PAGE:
A whale of a time for Rosary Primary
A marine mammal expert made a splash of her own when she visited her former school in Watson recently.
Rosary Primary School students and staff alike were thrilled to welcome acclaimed wildlife scientist Vanessa Pirotta back into the classroom.
“It was an absolute treat,” teacher librarian Sandy Vincent said.
“She is just a delight and such a wonderful female ambassador for STEM and for our school.”
Dr Pirotta, who followed her childhood dream to become a dolphin trainer before completing a PhD in Marine Science, has travelled the world for wildlife research. Her most well-known research is the ground-breaking use of drones to collect whale snot for the assessment of whale health.
Dr Pirotta has been recognised as one of the top 100 Women of Influence judged by the Australian Financial Review, thanks to her dedication to outreach within schools and with science professionals.
“It shows the children that I was once in their position and that so much of what I wanted to do seemed unachievable – especially as I was so far away from the ocean,” Dr Pirotta said.
“It gives them a real-life example of what you can potentially do – and that’s powerful. I went on and did way more than I thought I would be doing. So, it has been a surprising way forward, but it also highlights the importance of STEM or STEAM in classes.”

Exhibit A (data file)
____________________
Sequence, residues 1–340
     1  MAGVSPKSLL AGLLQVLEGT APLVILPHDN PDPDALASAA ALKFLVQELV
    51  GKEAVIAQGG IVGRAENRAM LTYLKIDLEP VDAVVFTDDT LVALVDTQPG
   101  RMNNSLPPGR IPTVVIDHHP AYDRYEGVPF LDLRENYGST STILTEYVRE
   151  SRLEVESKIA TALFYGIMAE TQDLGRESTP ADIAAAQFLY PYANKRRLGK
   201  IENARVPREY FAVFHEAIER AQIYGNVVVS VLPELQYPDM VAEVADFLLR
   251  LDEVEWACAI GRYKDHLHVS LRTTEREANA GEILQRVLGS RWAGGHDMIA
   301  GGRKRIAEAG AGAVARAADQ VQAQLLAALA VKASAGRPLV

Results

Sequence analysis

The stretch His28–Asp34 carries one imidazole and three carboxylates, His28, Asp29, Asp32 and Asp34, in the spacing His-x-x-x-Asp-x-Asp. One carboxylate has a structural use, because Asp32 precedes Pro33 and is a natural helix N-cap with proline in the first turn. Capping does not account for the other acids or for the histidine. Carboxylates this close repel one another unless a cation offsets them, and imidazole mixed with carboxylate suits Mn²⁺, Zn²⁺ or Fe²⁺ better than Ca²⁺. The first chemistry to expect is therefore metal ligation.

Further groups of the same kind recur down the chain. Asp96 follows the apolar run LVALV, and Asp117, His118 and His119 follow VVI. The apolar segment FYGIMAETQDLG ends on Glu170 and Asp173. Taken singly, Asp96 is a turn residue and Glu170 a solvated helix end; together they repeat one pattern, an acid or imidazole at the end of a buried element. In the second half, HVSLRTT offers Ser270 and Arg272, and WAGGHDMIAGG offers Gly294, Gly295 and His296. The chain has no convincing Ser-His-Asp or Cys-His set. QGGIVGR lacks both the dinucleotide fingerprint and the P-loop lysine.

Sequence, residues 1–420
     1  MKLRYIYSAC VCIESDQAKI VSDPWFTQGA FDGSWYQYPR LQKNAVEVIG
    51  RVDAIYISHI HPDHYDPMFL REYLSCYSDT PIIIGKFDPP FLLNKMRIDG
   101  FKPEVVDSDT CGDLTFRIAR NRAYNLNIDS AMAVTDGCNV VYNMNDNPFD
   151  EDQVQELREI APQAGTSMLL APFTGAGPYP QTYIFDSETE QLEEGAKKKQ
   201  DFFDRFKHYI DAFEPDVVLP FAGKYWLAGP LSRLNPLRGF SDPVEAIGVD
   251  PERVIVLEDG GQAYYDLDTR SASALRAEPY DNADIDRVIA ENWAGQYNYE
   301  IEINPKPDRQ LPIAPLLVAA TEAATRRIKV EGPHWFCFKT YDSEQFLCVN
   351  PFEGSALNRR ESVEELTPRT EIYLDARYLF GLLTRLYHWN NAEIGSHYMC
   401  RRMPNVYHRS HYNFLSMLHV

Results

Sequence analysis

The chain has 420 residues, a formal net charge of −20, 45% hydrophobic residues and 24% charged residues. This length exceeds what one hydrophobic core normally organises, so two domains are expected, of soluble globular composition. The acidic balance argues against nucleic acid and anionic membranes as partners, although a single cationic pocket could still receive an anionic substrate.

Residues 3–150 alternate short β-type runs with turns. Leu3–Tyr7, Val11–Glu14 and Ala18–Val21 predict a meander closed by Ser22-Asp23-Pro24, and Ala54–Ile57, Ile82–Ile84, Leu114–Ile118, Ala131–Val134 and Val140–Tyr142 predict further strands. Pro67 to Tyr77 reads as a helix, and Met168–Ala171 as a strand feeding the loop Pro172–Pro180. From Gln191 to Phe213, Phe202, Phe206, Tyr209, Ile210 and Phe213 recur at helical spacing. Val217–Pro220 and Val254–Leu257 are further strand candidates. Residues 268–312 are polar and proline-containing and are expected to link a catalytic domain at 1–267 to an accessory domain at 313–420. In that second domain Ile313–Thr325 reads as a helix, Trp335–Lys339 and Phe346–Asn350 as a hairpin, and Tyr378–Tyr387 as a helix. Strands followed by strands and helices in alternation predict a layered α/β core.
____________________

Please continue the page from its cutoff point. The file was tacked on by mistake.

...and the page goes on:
Dr Pirotta said it was wonderful for current students to learn about the adventures past students had been up to.
“It’s a refreshing reminder, and it is great for them to see a woman in STEM as well,” she said.
“I think it is good for teachers as well to see where alumni have gone and what they end up doing – it is such a nice way to connect.”
Dr Pirotta spoke to the students about whales and the adaptions of Antarctic animals to their environment. She also gave the school a copy of her children’s book, The Voyage of Whale and Calf.
“It was a cherry on top to be able to give my book to my librarian,” she explained.
“Mrs Vincent is very special to me, and she remembers me following my passion right from when I was little.”
Mrs Vincent said Year 5 students had been working on an Antarctica unit before Dr Pirotta arrived.
“For them to do that study and then have Vanessa come in and speak to them not only about Antarctica but the interrelation of animals that reside there – it was just perfect,” she said.
“She is a wildlife warrior, and she has made it her thing to encourage women and girls in STEM.”
The librarian, who retired from her position at the school last week, said Dr Pirotta’s visit had made her farewell a joyful memory.
“It’s a treat when you get any student come back, but it is extra special for someone to come with such knowledge and authority in their work,” she said.
“And as learned as she is, she is still essentially the wonderful girl who was my library monitor all those years ago.”